According to research from the Leading Indicator of Remodeling Activity (LIRA) released by the Joint Center for Housing Studies (JCHS) of Harvard University’s Remodeling Futures Program, increased spending in homeowners’ annual repair and renovation will continue in 2021 through the next year, with a gain of 3.8 percent at the end of 2021 and 4.8 percent in the first quarter of 2022. Remodeling Futures Program Associate Project Director Abbe Will projected that annual homeowners’ renovation spending will reach $352 billion in 2021 and $370 billion in early 2022.
The Remodeling Futures Program at Harvard University’s JCHS releases the LIRA three weeks after the close of each quarter. JCHS Managing Director Chris Herbert stated that homeowners are investing in home improvements because of rising home prices, a strong housing market, and recent federal stimulus payments. With the recovery of the economy, he expects homeowners to go beyond repairs and replacements to larger home improvement projects.
Real estate sources predict a 30 percent or more growth in remodeling expenditure in Austin, Texas; Naples, Sarasota; and Fort Myers, Florida. They forecast a 25 percent or more growth in renovation spending in Nashville, Tennessee; Fort Worth, Houston; Dallas, Texas; and Raleigh, North Carolina. On the other hand, they expect more modest growths of nine to 10 percent in the largest U.S. cities, New York, Los Angeles, and Chicago.
Why People Make Home Improvements
“2020-21 Home: By the Numbers,” a study by TRUE Global Intelligence for Lowe’s, shows that 64 percent of homeowners stated that their home “means more to them now” and 33 percent spent more on home improvement during the pandemic than they did before. Forty-six percent spent their money on home improvement even if they could have spent it on something else, and 20 percent stated they plan on spending more. People built home offices, home classrooms, and home gyms. Sixty-five percent said they will try gardening and 45 percent said they want to improve their outdoor space, such as creating outdoor escapes or physically distanced spaces.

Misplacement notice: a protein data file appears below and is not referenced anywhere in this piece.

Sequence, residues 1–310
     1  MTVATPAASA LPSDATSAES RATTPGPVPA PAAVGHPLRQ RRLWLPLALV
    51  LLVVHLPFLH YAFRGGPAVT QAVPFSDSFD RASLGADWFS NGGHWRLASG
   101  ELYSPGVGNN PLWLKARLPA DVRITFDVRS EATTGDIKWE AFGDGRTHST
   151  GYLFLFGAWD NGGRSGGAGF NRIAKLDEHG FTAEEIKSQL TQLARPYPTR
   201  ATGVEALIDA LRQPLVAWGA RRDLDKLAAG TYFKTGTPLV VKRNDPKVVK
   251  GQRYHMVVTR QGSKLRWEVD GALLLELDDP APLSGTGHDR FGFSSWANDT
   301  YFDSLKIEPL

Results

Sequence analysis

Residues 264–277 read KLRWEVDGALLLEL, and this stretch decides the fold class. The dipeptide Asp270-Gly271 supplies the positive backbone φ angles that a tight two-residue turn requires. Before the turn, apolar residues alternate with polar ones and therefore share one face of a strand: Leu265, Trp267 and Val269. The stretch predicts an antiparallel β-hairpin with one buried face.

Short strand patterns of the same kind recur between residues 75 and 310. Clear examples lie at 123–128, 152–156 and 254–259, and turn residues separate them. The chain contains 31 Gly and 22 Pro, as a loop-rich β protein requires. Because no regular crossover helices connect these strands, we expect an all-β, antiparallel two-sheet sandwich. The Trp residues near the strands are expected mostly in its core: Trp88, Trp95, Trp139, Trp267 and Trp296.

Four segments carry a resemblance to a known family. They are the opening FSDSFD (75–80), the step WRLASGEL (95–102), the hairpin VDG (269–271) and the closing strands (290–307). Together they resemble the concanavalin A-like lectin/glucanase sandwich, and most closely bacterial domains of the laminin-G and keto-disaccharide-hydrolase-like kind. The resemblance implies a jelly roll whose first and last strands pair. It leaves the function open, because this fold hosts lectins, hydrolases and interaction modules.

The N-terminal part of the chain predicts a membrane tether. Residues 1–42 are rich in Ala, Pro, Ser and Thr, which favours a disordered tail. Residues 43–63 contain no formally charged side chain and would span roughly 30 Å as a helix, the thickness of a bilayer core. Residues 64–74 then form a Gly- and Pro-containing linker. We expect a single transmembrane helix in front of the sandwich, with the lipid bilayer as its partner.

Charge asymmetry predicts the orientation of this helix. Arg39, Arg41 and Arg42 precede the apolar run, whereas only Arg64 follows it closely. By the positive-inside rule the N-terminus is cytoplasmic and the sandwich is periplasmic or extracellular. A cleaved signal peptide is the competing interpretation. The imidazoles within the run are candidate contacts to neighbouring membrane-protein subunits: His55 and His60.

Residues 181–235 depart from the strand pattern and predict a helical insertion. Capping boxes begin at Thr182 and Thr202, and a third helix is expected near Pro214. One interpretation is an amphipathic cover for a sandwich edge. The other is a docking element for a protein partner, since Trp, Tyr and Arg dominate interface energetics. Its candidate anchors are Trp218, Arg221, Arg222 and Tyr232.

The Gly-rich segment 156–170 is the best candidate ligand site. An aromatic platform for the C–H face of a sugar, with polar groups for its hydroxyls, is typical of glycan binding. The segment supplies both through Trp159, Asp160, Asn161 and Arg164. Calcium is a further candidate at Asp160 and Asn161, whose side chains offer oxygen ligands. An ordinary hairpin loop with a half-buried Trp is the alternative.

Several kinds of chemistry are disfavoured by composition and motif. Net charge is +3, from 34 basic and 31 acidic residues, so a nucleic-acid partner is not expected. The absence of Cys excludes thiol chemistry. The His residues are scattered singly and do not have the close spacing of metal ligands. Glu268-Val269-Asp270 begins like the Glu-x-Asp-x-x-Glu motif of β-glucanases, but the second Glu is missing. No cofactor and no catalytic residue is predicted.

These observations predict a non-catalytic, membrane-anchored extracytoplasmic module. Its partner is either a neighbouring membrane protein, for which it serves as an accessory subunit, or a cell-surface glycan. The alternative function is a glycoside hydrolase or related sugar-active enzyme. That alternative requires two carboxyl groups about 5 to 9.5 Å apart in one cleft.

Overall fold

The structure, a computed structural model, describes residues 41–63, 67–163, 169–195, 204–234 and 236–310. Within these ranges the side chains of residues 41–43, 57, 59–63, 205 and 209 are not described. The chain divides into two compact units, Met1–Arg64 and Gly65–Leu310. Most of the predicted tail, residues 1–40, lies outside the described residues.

A study by CouponFollow among more than 1,000 homeowners and renters shows that 90 percent of homeowners and 78 percent of renters tackled a do-it-yourself (DIY) project in the first half of last year. Of these, 64 percent of homeowners and 63 percent of renters said they were “very satisfied” with what they did. The respondents were 56 percent millennials, 28 percent from Gen X, and 10 percent Boomers.
The most common motivation for the majority or 55 percent was being home because of social distancing rules. Twenty-eight percent did it to occupy themselves in their spare time while working from home and 17 percent did it in the time they saved not having to commute.
Almost half or 49 percent said the activity gave them enjoyment while under quarantine, and 34 percent said it helped support their mental health. Twenty-two percent said they did the project because they were unhappy with the appearance of their home.
Others did it for financial reasons, with 30 percent wanting to increase their home’s overall value, 25 percent wanting to save money, and 25 percent wanting to eliminate the need for contractors.
Home Improvement and Your Well-being
Like most people, having to stay home during the pandemic showed you what you need to repair in your home. More than that, it showed you what else you can do to make your home a comfortable haven so that staying home becomes a welcome idea.
New needs surfaced during quarantine, such as a quiet office space, a quiet study space for students, and a home gym. You also need an extra room for isolation in case someone in the family gets exposed to Covid-19. Plan the remodeling of your indoor space to accommodate these needs.
You also need breathing room outdoors. This can be the right time to get a waterproof concrete-floor coating for your deck or patio so you can spend more time there and even exercise outside. Plant vegetables, fruits, and herbs in pots to add edible greenery that not only looks good but tastes good on your table, as well.
Seeing things in a state of disrepair and living in a space that no longer adequately meets your needs can cause stress. You now have all the time you need to do something about it. You can do DIY projects or hire professionals or do a mix of both.
In the end, not only will your newly repaired and remodeled home be more pleasant and restful to live in, but it will also have a higher market value that is like money in the bank. This will give you peace of mind both at present and in the future.